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Vodka Lemon
Vodka Lemon
Actors: Romen Avinian, Lala Sarkissian, Ivan Franek, Ruzan Mesropyan, Zahal Karielachvili
Director: Hiner Saleem
Genres: Indie & Art House, Drama
NR     2005     1hr 30min


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Movie Details

Actors: Romen Avinian, Lala Sarkissian, Ivan Franek, Ruzan Mesropyan, Zahal Karielachvili
Director: Hiner Saleem
Creators: Hiner Saleem, Lei Dinety, Pauline Gouzenne
Genres: Indie & Art House, Drama
Sub-Genres: Indie & Art House, Drama
Studio: New Yorker Video
Format: DVD - Color,Widescreen - Closed-captioned
DVD Release Date: 12/20/2005
Original Release Date: 01/01/2003
Theatrical Release Date: 01/01/2003
Release Year: 2005
Run Time: 1hr 30min
Screens: Color,Widescreen
Number of Discs: 1
SwapaDVD Credits: 1
Total Copies: 0
Members Wishing: 4
MPAA Rating: NR (Not Rated)
Languages: Armenian, French, Kurdish, Russian
Subtitles: English

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Movie Reviews

Magical Storytelling and Great Cinematography,
Erika Borsos | Gulf Coast of FL, USA | 11/15/2006
(5 out of 5 stars)

"In the shivering cold climate of Northern Armenia is a small Kurdish village whose economy is negatively impacted by the break up of the Soviet Union. In this film, the viewer vicariousluy experiences village life in this remote part of the world. The film reveals how human beings overcome adversity and create meaningful lives. The film is a testament to the Kurds and Armenian people whose spirit and love of life is shown in its best light, even in this harsh climate and despite serious economic disadvantages. The characters are phenomenal. Hamo is a grandfather-like wirey muscular man with white hair. He often visits his deceased wife at the cemetery. It is noted that people often carry folded stools which they use at the bus stop (if there is no bench) or to sit on at the graveside. It is a customary in the region to speak to the dead as if they are still among us. Hamo tells her their son Kamo lives in Alfortville, France and is doing well (not entirely true, as he has no job yet). Weekly when he takes the bus to the cemetery, he sees the beautiful widow, Nina, who makes the same trip to the same place. She visits her deceased husband. Hamo notices she does not pay the busfare and the bus driver gives her credit until she can afford to pay. The bus driver plays a romantic French cassette almost each time as the two lone passengers ride to their destination ...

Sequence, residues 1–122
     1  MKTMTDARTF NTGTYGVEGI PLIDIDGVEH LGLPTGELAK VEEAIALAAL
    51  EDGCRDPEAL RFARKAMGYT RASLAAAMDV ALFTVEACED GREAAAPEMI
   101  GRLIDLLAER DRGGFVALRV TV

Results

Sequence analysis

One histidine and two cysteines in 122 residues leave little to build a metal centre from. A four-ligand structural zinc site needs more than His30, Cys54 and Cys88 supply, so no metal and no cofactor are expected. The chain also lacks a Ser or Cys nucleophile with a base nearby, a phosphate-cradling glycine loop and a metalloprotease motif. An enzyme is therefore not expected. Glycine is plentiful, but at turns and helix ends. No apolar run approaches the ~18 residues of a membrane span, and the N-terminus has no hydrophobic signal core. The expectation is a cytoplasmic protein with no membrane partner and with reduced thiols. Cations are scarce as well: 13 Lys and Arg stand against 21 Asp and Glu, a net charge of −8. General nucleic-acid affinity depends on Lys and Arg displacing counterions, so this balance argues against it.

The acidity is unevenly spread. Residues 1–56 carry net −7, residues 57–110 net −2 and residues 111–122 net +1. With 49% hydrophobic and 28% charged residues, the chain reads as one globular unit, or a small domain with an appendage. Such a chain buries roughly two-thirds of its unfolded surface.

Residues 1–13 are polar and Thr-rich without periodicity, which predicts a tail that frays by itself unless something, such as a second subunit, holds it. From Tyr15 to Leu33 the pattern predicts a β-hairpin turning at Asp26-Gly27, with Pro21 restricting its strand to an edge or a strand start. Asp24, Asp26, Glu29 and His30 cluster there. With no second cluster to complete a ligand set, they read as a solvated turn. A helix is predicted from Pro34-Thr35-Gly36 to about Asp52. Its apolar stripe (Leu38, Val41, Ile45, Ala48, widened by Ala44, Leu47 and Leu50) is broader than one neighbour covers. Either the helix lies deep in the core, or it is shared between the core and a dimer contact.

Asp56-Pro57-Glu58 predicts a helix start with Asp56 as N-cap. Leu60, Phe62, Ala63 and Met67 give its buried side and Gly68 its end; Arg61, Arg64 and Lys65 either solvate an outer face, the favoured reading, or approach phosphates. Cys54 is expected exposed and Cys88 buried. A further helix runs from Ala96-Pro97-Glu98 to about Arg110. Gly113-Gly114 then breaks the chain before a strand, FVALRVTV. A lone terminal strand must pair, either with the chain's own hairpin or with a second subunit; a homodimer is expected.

Hamo receives a short letter from his son who sends a photo of himself and his new French girlfriend. Hamo had expected him to send money. Money is in short supply. The Soviet Union had provided gas, electricity and other necessities to the village free or at nominal cost but now the villagers must fully pay for these commodities. There is no industry. Most of the villagers tend sheep or travel to a larger town or city to work ... Hamo talks to a portrait of his wife and explains he will have to sell a wardrobe (cabinet) to make some money. He takes the item on his back and parks it out on the main road. A married couple who passby inquire about its price for their daughter who is getting married. Negotiations begin and they haggle back and forth until a price is agreed upon. Hamo ends up selling a television set and also an old Army uniform to get more money. He has plans to win over Nina and also there is the wedding of his granddaughter ...